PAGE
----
sealed interface Book : EventSourcedAggregate<BookId, BookEvent> {

    fun borrowBook(readerId: ReaderId, startDate: LocalDate, policy: BorrowBookPolicy): Result<Book>

    fun returnBook(returnDate: LocalDate): Result<Book>

    fun reserveBook(readerId: ReaderId, reservationDate: LocalDate): Result<Book>

    fun clearReservation(): Result<Book>


Note that this source code is very explicit and uses domain-specific types rather than generic types, wherever appropriate. For example, instead of specifying a UUID as a reader id, we define a special type ReaderId that wraps the corresponding UUID. This approach respects the ubiquitous language principle from DDD.

We use Kotlin’s Result type to make behavior even more specific. Instead of throwing exceptions in case of validation errors, which are often invisible from the invoking site, we return a result object that indicates the outcome of an executed command. The caller can then handle both successful executions and error conditions.

The book aggregate implementation contains all domain logic for executing commands. This is where all the complex domain logic lives. The following code snippet shows the book aggregate class and the borrow method.

class BookAggregate(id: BookId) : Book, BaseAggregate<BookId, BookEvent>(id) {

    private var currentLoan: Loan = NoLoan
    private var currentReservation: Reservation = NoReservation

    override fun borrowBook(readerId: ReaderId, startDate: LocalDate, policy: BorrowBookPolicy): Result<Book> {
        // check if this book is already loan
        if (currentLoan is ActiveLoan) {
            return Result.failure(BookAlreadyLoan(getId()))

        // check if there is a reservation that was made by another reader
        if (currentReservation is ActiveReservation) {
            val reservation = (currentReservation as ActiveReservation)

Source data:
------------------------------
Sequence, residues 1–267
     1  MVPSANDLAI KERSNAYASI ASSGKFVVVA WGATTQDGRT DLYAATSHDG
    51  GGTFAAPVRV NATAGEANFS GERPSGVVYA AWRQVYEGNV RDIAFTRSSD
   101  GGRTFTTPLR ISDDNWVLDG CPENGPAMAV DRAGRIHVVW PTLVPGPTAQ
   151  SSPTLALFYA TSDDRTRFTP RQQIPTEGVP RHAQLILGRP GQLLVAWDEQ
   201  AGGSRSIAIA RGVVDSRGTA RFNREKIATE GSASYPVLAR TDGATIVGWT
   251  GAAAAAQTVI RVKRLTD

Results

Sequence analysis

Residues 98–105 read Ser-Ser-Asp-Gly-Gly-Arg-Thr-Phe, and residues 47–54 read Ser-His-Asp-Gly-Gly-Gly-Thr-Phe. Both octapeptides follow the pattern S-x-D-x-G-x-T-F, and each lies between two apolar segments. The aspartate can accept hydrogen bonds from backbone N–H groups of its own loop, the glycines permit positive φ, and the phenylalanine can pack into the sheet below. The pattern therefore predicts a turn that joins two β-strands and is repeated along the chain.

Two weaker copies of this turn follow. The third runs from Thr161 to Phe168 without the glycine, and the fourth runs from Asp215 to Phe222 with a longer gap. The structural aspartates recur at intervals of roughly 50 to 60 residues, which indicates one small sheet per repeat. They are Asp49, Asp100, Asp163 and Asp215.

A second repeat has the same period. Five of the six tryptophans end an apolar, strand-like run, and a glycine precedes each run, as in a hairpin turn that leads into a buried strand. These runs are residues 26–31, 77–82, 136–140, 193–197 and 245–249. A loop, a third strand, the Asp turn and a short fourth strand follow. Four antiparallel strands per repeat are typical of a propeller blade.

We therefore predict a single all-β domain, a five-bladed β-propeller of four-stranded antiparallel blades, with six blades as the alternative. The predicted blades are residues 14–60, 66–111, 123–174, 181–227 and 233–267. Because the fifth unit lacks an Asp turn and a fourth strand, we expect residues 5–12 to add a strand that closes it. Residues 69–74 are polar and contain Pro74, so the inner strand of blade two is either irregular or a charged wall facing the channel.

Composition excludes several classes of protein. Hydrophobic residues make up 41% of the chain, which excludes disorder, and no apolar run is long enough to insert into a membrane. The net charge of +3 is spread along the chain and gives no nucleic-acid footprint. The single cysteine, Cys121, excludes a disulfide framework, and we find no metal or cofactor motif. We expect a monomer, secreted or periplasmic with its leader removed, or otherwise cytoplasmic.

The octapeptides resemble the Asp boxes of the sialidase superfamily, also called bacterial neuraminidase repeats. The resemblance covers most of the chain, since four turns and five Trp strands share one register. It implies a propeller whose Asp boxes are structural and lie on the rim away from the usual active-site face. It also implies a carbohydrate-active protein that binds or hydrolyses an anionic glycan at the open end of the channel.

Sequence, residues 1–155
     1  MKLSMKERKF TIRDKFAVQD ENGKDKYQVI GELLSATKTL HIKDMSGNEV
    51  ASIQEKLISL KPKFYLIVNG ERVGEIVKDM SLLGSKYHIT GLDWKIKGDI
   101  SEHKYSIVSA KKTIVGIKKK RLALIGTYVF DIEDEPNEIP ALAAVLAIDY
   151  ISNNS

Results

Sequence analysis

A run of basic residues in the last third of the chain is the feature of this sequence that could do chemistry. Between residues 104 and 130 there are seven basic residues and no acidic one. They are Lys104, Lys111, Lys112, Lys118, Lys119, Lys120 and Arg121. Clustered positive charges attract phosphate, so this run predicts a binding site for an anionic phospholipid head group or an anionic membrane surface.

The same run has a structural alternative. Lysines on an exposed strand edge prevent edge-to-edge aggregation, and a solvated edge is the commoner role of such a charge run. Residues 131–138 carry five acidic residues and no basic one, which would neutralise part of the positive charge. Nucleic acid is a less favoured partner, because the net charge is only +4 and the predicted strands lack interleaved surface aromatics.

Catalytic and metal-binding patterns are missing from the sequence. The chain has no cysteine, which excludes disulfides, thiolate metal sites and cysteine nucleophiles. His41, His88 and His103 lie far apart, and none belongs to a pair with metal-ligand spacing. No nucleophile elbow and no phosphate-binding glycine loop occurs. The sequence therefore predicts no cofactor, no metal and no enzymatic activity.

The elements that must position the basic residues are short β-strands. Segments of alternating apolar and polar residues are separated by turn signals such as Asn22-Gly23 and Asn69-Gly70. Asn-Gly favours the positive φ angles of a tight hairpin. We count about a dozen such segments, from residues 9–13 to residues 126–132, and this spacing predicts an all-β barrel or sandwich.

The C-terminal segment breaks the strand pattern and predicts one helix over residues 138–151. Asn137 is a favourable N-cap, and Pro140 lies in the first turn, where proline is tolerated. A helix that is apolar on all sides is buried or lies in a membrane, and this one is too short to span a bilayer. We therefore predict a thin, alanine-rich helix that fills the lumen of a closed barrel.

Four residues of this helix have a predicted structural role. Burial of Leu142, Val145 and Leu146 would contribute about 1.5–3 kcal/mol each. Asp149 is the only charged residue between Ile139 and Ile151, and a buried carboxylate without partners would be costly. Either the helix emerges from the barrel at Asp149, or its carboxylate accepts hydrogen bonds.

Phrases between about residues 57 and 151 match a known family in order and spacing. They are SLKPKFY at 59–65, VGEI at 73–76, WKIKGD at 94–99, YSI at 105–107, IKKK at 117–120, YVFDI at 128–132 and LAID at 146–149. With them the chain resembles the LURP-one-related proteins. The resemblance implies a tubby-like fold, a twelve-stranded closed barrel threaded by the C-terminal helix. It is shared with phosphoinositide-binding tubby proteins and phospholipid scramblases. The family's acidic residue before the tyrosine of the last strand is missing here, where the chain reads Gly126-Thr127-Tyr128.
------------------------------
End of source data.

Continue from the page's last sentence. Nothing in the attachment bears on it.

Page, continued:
if (reservation.readerId != readerId) {
                return Result.failure(BookReservedByOtherReader(readerId, reservation.readerId))

        // validate student borrow policy (max number of lent books reached etc. 
        val result = policy.validateIfStudentIsAllowedToBorrowBook(readerId)
        result.onFailure { return Result.failure(it) }

        // the book can be borrowed, thus an event is created
        val loanId = LoanId(UUID.randomUUID())
        val endDate = startDate.plusWeeks(6)
        val event = BookBorrowed(

        // clear reservation if book was reserved
        if (currentReservation is ActiveReservation) {

        // return current instance
        return Result.success(this)
    // ... other methods omitted for clarity reasons ...

First, we validate whether the command can be executed or not. In case of a validation error, we return a result object with a well-defined business exception indicating what went wrong.

After successful validation, a BookBorrowed event is created and added to the list of changes. The registerEvent(event) method in turn invokes the handleEvent() method, which applies changes to the current state of the aggregate. The following code snippet shows the handle method, which performs an exhaustive pattern match of the specified event:

    override fun handleEvent(event: BookEvent) {  // <<--- invoked by registerEvent()
        when (event) {
            is BookRegistered -> handle(event)
            is BookBorrowed -> handle(event)
            is BookReturned -> handle(event)
            is BookReserved -> handle(event)
            is ReservationCleared -> handle(event)

    private fun handle(event: BookBorrowed) {
        this.currentLoan = ActiveLoan(    // <<<---- apply changes to current state

Note that we first register an event and then apply changes to the current state by handling that event. Only then, we can ensure that our application state is built exclusively from events. We could also write a separate state class for keeping the current state of an aggregate, which might be better suited for more complex aggregates with many child entities and value objects.

Testing the implementation is straightforward and does not require any infrastructure, as shown in the following code snippet:

class BookTest {

    fun borrowBook() {
        val bookId = BookId(UUID.randomUUID())
        val book = BookFactory.registerNewBook(bookId)

        val readerId = ReaderId(UUID.randomUUID())
        val today =
        val endDate = today.plusWeeks(6)
        val policy = BorrowBookPolicy()
        book.borrowBook(readerId, today, policy)

        val event = book.getChanges().last()
        Assertions.assertTrue(event is BookBorrowed)

        val bookBorrowed = event as BookBorrowed
        Assertions.assertEquals(bookId, bookBorrowed.bookId)
        Assertions.assertEquals(readerId, bookBorrowed.readerId)
        Assertions.assertEquals(today, bookBorrowed.loanDate)